Turkish Grand Prix 2011 – Race Report
The Turkish GP was even slightly better than the Chinese GP even though Vettel drove the whole race unchallenged. Despite that many middle-lot drivers seemed to be driving for points at the middle part of the race, in the end the high amount of pit-stops from all teams normalized the results, with only two names rising to points from outside the Top-10 qualifiers.
As stated before Sebastian Vettel led the race unchallenged though not from start-to-finish. Though Mark Webber had to yield at the beginning he overtook Alonso in the very final laps to finish second. Fernando Alonso rose to the podium for the first time this season.
Lewis Hamilton also recovered to finish fourth. Even though he and his team-mate Jenson Button danced around a lot on the over-takes, Button eventually finished sixth. Nico Rosberg lead the race momentarily when Vettel was doing his first pit-stop. He could have had a chance to be at the podium but in the end had to settle for fifth place. Even though the Renault drivers were at odds on the track they both finished on points. Heidfeld just ahead of Petrov in places seventh and eighth.
The last two drivers truly earned their points through solid driving. Sebastian Buemi recovered from a botched qualifying by finishing ninth and Kamui Kobayashi, who started from the very back due to his car stopping in Q1, finished tenth – both drivers challenging Michael Schumacher one-on-one.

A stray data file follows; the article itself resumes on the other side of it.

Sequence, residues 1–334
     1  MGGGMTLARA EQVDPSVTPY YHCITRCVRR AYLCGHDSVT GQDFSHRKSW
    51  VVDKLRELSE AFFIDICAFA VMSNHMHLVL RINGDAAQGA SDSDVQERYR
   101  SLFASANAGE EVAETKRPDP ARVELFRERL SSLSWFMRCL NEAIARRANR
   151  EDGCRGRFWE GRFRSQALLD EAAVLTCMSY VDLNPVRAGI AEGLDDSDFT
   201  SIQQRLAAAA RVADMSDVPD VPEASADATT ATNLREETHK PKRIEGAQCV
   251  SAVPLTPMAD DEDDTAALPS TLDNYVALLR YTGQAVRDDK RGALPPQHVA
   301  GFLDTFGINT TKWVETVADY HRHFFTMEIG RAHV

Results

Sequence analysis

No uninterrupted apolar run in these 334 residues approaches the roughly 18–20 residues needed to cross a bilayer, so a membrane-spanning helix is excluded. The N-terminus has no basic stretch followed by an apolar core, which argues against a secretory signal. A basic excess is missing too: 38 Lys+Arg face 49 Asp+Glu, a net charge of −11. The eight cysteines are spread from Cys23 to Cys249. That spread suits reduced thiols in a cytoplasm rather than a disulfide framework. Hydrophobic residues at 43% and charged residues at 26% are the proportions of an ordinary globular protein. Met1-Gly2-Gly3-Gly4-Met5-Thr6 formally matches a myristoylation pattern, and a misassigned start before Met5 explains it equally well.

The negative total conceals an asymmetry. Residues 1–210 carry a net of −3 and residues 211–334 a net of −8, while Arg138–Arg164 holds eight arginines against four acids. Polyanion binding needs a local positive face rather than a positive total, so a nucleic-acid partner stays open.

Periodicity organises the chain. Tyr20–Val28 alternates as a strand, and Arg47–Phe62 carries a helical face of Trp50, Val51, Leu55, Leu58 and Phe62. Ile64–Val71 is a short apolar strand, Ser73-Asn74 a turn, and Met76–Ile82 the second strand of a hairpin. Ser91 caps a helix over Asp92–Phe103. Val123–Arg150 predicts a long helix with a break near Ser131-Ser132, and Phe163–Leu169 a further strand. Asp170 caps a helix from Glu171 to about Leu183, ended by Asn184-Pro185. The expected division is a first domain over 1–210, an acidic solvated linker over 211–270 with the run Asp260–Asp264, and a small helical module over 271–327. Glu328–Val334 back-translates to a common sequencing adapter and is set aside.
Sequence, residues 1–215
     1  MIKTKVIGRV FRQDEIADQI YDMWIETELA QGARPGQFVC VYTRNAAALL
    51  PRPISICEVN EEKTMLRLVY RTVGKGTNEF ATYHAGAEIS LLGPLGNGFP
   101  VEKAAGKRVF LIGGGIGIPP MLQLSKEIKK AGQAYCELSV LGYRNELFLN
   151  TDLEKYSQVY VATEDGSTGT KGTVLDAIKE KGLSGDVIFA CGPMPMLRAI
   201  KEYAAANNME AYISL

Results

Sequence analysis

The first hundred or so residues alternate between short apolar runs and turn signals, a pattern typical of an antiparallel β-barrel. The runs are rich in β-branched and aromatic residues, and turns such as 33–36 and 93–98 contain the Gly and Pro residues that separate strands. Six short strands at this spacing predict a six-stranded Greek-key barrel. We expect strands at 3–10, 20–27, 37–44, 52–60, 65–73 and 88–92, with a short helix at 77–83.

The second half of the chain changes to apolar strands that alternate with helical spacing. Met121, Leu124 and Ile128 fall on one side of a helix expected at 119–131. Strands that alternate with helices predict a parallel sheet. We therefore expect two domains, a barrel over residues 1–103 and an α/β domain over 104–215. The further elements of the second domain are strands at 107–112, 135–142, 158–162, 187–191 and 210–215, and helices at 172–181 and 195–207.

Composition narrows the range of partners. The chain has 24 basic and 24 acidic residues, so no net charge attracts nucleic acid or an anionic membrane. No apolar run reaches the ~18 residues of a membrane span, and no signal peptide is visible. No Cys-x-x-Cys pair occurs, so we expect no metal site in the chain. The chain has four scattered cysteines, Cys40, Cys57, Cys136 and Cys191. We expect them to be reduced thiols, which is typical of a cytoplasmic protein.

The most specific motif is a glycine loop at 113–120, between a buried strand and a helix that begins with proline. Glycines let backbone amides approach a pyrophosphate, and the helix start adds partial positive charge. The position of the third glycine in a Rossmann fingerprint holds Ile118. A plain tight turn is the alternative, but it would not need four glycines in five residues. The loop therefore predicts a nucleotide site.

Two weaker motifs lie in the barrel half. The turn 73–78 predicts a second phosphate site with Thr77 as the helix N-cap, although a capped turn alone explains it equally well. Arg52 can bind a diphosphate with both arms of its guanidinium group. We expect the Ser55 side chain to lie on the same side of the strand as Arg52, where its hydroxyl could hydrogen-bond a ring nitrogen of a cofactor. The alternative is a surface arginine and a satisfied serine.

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Felipe Massa could have done so much better, but botched up pitstops dropped him back until he was finally out of the point-scoring range. Massa was still doing well in the middle-part of the race so his 11th place was a miserable finish for Ferrari. Hopefully he’ll have better luck in Spain.
Drop-out count: 2
Only two retirements and one happened even before the race started when Timo Glock’s Virgin was unable to leave the pit lane at all. Paul di Resta‘s Force India gave up close to the end of the race.
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Michael Schumacher had a lousy time in Turkey, getting overtaken by middle-tier drivers all the way through the last leg of the race. His poor performance is partially explained by Vitaly Petrov’s aggressive over-take which caused him to pit early to replace a broken front wing. Still, he should have been able to give Buemi and Kobayashi a run for their money.
Force India gave a very mediocre performance with Sutil dropping from 12th on the start to 13th in the finish and Di Resta having to retire. Jaime Alguersuari gave another puzzlingly weak performance (16th) on his Toro Rosso, especially in light of the fact that his team-mate managed to rise to points. Sergio Perez also didn’t soar to new heights but this was probably due to the fact that he too broke his front wing in the first few laps of the race.
Once again Williams gave an abysmally bad showing. With Barrichello finishing 11th in Q2 and even tangling with Schumacher during the race, finishing 15th was a major disappointment. The same goes for his new-comer team-mate Pastor Maldonado who dropped down three positions and finished 17th just barely ahead of the new teams.
The new teams didn’t have much to celebrate about. Jarno Trulli was actually able to finish ahead of Heikki Kovalainen albeit, Heikki was passed by Vettel a second time as a result of an extra pit stop, whilst Trulli wasn’t. Jerome D’Ambrosio at least kept his Virgin ahead of the HRT drivers, finishing on the same lap as Kovalainen, one lap ahead of Karthikeyan and three laps ahead of Liuzzi who finished last.